May 2020. After three lectures on drama and Oedipus, the speaker's philosophy is getting in the way. I don't have a good name for it yet, but he has characterized deconstruction, Freud, and Marx with disconcerting blitheness. Naturally this leads to some muddy interpretations and vague assertions, but so far it hasn't ruined everything. He can be quite clear and sensitive when discussing a line or a speech. After 14 lectures, my judgment is unchanged. Like many academic critics, he is sound enoug May 2020. After three lectures on drama and Oedipus, the speaker's philosophy is getting in the way. I don't have a good name for it yet, but he has characterized deconstruction, Freud, and Marx with disconcerting blitheness. Naturally this leads to some muddy interpretations and vague assertions, but so far it hasn't ruined everything. He can be quite clear and sensitive when discussing a line or a speech. After 14 lectures, my judgment is unchanged. Like many academic critics, he is sound enough when rehearsing historical data or performing literary analysis or discovering unexpected connections within books or between authors, but less so when commenting on society or making metaphysical assertions. After 20 lectures: this series was recorded in 1995, when post-structural literary theory and cultural studies were still hip. To his credit, the author sees and admits the nihilism implicit in these strange and supposedly academic activities--see Lecture 20. But that doesn't change the value of his lectures, which, so far, are still a large but mostly barren tree. On Lecture 23: The analysis of Shakespeare's Sonnet 146 is hampered by gross ignorance of the Christian tradition. He is working with a Wikipedia-deep knowledge of the biblical and theological context. Not sure if I can take another 20 hours of this lecturer. On Lecture 24: "I think it's fair to say that the next great poet after William Shakespeare in the English tradition is William Blake." A remarkable statement from an accoladed, tenured professor at an Ivy League school. What about Donne, Milton, Dryden, Pope? It is only defensible if he means "lyric poets." After 32 lectures: I've decided to finish, but the lyric lectures are difficult in a new way. Part II, like Part I, is organized chronologically. He devotes two or three lessons to each poet (Shakespeare, Blake, Whitman, et al.), first presenting a thesis about the poet's work (which, inevitably, will be complicated before the final lecture), then reciting short poems or excerpts and offering a line-by-line commentary. The criticism is often enlightening on individual poems, but tiresome, for the series is too long, and the approach is too self-involved. One irritating verbal tic is the frequent qualification of assertions with phrases like "a kind of" or "a sort of." I take this habit to be (a) an act of preemptive defensiveness, born out of years in the academic trenches, or (b) a symptom of his hazy metaphysics and rhetoric. After 40 lectures (end of Part Two, on lyric poetry): The bright spots are the six lectures on Baudelaire, Frost, and Stevens, whose work is only problematized (i.e. revealed as more complex than we thought), not deconstructed. He takes the same approach to Rich in the final two lectures, but I don't feel qualified to judge them because I don't know her poetry well enough; based on these lectures, I'm not interested in learning. Moving on to Part Three, fictional narrative. Lecture 41: The introduction to narrative art is the most useful analytic tool he has provided so far; with the notion of the vertical and horizontal dimensions of stories (meaning time and space, whose positions I would have reversed), he is finally delivering on the promise of the title of this series: to show us how we can better understand "life" through literature. (This lecture also includes a clear example of 'hazy metaphysics': "Words cannot die, they are not possessed of flesh and blood. And so they live." The lines read like a syllogism, and in fact Weinstein delivers them like a syllogism. But they are laughably false, relying on a false dichotomy that Socrates and Diotima--or Foucault or Derrida--could have exploded for him. Of course he is speaking metaphorically, paraphrasing an age-old chestnut about the 'immortality' of the word (ars longa, vita brevis, etc.). But however we take this informal syllogism, its force relies on equivocation; his reformulation of the old doctrine can have power only for those who have not studied logic.) Finished, still disappointed. The lectures in the latter half of Part III were better than the first half: JANE EYRE, BARTLEBY, Kafka, Faulkner, and THE COLOR PURPLE. His go-to theoretical approach is Freudian, which is more or less productive. It has some purchase on the books, but ultimately I find it unpersuasive. His reading of the Bronte novel was his most plausible psychoanalytic work, and I'd like to reread it again, then retry those three lectures. His deconstructive, cultural-studies, and ideological/multicultural criticism lead (usually) to dead ends. Weinstein really cares about the books he's reading: he is professionally "honest" in that regard. You can tell that a sensitive and sincere critic doesn't believe in the point he's making when he qualifies it for a live audience. He frequently resorts to such hedging phrases as, "I know some of you don't particularly like this..." and "This may sound esoteric, but..." That's because he's outside his preferred critical comfort zone. He never makes such qualifications about his psychoanalytically-flavored claims. Takeaways and reminders: * The essentially social nature of drama: bodies on stage, voices intoning lines, audience in seats. * The centrality of the notion of "agon" in drama. * (Want to read Moliere's Tartuffe.) * I'd never heard of Buchner, an intriguing and seemingly anachronistic figure. * (Want to read Strindberg's The Father.) * Focus on "the city" in modernist poetry. * Vertical and horizontal axes of fiction. * (Want to read more Kafka and Faulkner.)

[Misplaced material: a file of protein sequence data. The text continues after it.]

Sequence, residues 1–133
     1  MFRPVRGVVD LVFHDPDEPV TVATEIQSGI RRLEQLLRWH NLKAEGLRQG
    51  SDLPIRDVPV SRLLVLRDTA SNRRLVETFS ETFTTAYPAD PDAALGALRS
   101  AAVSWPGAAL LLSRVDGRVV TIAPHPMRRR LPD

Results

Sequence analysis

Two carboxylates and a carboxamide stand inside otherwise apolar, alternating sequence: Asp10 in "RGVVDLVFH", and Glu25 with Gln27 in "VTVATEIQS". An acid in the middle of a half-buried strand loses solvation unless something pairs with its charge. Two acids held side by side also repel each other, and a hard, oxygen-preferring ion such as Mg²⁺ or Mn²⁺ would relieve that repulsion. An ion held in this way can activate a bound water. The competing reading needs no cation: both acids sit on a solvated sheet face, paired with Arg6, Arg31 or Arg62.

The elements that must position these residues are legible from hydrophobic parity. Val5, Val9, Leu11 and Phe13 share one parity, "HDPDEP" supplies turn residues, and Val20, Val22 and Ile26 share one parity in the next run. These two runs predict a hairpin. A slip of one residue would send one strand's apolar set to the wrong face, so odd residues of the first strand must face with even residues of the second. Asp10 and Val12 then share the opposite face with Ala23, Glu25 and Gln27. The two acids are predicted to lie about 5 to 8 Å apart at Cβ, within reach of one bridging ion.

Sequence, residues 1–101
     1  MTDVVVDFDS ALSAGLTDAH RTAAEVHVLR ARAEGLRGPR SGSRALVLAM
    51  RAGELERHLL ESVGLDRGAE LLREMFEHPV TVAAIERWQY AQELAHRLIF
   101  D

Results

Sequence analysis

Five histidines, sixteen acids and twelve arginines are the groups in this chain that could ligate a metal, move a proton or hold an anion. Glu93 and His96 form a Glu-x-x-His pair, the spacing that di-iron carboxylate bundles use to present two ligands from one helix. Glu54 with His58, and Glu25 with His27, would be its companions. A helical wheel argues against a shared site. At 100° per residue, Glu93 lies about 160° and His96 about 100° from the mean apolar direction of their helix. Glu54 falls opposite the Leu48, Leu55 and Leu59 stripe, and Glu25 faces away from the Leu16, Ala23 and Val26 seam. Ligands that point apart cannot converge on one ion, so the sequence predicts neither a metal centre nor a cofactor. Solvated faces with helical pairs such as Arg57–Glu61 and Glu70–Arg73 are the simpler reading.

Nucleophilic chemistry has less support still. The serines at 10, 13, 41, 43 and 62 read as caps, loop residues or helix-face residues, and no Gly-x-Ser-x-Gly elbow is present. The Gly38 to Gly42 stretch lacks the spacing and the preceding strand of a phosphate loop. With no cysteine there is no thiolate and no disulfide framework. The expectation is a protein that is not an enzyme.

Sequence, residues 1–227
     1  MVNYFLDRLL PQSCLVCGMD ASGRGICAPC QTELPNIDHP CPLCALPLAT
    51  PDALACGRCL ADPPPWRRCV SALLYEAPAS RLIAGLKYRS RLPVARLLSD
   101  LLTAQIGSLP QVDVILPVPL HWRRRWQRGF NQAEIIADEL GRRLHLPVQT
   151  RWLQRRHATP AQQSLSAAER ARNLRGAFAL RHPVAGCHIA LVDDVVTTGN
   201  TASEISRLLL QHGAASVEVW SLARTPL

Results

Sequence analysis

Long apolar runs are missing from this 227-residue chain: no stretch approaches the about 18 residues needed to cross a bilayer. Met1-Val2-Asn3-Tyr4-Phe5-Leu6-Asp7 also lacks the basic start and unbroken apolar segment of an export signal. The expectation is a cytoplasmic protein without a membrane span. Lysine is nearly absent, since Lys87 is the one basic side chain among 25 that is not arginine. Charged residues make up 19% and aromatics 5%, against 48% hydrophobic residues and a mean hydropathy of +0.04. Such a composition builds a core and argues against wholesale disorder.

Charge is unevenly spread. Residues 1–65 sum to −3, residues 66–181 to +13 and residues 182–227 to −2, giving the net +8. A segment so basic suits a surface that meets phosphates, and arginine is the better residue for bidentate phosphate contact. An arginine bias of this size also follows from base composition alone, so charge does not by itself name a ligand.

5. 5 out of 5